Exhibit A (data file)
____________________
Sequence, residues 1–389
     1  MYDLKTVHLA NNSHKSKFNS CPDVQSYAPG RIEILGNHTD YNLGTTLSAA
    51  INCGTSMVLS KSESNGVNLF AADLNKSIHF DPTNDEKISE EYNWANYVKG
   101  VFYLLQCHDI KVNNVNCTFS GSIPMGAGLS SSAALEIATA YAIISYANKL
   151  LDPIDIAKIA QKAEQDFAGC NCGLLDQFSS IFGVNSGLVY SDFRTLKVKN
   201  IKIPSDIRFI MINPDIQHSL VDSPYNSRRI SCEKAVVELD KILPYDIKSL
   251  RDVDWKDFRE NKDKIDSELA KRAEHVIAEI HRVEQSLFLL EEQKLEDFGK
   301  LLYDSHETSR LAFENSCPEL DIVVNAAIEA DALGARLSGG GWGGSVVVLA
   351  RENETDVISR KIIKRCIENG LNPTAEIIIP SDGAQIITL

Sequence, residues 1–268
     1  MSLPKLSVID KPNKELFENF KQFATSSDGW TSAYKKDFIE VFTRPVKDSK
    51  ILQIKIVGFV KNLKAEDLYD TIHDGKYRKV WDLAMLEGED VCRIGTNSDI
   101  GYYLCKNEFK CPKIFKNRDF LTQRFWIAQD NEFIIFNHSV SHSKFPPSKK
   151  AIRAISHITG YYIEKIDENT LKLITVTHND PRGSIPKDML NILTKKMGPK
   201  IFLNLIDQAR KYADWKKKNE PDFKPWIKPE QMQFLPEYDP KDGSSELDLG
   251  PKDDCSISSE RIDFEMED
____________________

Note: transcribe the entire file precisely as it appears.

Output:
Sequence, residues 1–389
     1  MYDLKTVHLA NNSHKSKFNS CPDVQSYAPG RIEILGNHTD YNLGTTLSAA
    51  INCGTSMVLS KSESNGVNLF AADLNKSIHF DPTNDEKISE EYNWANYVKG
   101  VFYLLQCHDI KVNNVNCTFS GSIPMGAGLS SSAALEIATA YAIISYANKL
   151  LDPIDIAKIA QKAEQDFAGC NCGLLDQFSS IFGVNSGLVY SDFRTLKVKN
   201  IKIPSDIRFI MINPDIQHSL VDSPYNSRRI SCEKAVVELD KILPYDIKSL
   251  RDVDWKDFRE NKDKIDSELA KRAEHVIAEI HRVEQSLFLL EEQKLEDFGK
   301  LLYDSHETSR LAFENSCPEL DIVVNAAIEA DALGARLSGG GWGGSVVVLA
   351  RENETDVISR KIIKRCIENG LNPTAEIIIP SDGAQIITL

Sequence, residues 1–268
     1  MSLPKLSVID KPNKELFENF KQFATSSDGW TSAYKKDFIE VFTRPVKDSK
    51  ILQIKIVGFV KNLKAEDLYD TIHDGKYRKV WDLAMLEGED VCRIGTNSDI
   101  GYYLCKNEFK CPKIFKNRDF LTQRFWIAQD NEFIIFNHSV SHSKFPPSKK
   151  AIRAISHITG YYIEKIDENT LKLITVTHND PRGSIPKDML NILTKKMGPK
   201  IFLNLIDQAR KYADWKKKNE PDFKPWIKPE QMQFLPEYDP KDGSSELDLG
   251  PKDDCSISSE RIDFEMED